7 and she’s happy with tribal life in Papua New Guinea
Digging for yams with the village dogs
Dad comes home from good hunting
A piece of barbecued bush pig for tea
And a hug and kiss from Mum at night
It is said that one day, when the world is in turmoil and humanity is lost in chaos, the Brothers shall return. It is they who will shine the light of love into the darkness and reignite the spirit of unity.
Even now, as I step out on to the verandah of the beach house to see the last of the storm clouds departing on the horizon, the air feels muggy. It weighs down on me like a woollen blanket on a hot summer’s day. In an instant, it occurs to me how clearly the early morning storm mirrored the way I feel after our heated exchange late last night. I sigh deeply in an attempt to soothe my heavy heart and start walking on my own through the rain-drenched sand towards the water’s edge.
With a glum look on his face, the young Aboriginal hunter, Manimanuk, looked out over the plains from the rocky outcrop where he was standing. Angry words had been spoken earlier that morning in the camp of his people. To Manimanuk it seemed as if there were two camps. One, led by one of the elders, was determined to move on to better hunting grounds before the dry season came. The other camp felt it was better to wait until one of the mothers fully recovered after breaking her leg while foraging for yams.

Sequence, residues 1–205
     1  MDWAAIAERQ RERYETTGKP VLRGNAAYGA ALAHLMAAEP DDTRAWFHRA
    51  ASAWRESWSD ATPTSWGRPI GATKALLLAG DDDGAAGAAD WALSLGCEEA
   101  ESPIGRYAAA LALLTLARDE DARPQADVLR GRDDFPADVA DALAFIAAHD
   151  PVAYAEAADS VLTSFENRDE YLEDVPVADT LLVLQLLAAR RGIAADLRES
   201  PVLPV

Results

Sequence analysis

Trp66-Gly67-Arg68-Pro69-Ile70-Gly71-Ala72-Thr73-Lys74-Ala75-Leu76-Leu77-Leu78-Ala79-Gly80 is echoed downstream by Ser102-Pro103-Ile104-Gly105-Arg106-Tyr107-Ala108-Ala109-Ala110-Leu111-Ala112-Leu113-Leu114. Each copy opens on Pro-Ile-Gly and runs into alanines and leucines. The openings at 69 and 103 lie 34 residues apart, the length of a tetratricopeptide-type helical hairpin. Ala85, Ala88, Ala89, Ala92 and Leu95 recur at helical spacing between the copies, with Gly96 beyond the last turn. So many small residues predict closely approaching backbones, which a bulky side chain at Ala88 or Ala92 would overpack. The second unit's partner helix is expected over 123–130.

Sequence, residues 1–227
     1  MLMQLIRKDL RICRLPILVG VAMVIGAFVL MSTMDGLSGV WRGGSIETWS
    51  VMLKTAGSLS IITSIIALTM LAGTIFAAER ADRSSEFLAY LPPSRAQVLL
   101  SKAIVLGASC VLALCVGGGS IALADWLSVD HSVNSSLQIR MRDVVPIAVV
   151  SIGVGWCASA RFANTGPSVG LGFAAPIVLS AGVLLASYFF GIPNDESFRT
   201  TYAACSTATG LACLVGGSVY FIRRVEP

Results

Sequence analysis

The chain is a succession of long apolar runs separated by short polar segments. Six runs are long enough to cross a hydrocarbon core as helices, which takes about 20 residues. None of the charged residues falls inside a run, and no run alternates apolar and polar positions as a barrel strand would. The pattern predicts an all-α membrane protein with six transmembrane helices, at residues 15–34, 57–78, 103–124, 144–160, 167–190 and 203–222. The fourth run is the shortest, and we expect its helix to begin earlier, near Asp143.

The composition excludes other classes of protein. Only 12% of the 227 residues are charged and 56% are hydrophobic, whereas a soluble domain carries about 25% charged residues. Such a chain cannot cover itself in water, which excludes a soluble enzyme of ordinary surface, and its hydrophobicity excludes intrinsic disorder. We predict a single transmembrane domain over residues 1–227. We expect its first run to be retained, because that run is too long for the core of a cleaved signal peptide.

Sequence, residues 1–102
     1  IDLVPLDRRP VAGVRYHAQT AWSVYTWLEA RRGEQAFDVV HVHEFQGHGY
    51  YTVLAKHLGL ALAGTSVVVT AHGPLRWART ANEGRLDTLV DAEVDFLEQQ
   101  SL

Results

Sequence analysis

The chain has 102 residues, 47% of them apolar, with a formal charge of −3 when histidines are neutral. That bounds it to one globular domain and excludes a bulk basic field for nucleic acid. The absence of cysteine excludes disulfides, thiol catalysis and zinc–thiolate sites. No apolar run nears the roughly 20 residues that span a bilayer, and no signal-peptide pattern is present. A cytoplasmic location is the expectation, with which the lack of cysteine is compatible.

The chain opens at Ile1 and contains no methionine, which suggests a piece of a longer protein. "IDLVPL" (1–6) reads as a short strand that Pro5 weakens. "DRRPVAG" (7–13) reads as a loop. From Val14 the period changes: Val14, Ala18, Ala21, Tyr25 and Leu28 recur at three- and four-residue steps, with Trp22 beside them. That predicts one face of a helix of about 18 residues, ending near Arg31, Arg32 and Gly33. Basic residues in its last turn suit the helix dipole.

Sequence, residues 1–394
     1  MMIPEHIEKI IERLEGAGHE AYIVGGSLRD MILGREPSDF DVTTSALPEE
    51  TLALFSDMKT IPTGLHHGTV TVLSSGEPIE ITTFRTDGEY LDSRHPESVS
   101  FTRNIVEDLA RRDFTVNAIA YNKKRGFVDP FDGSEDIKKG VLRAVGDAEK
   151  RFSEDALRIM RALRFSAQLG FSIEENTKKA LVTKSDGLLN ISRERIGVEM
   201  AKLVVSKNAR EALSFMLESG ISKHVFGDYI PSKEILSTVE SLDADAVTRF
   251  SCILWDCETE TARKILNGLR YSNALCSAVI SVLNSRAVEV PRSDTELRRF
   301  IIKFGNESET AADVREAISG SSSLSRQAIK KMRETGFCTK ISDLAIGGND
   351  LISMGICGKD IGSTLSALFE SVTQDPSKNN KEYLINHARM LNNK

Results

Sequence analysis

Sunlight burst through the enormous windows and flooded the church where the young boy’s father preached. The boy stood there, unable to move, and gazed up in awe to where the light entered. It was then that he understood that in the same way light now reached into the darkest corners of the church, so would light reach into the darkest of hearts.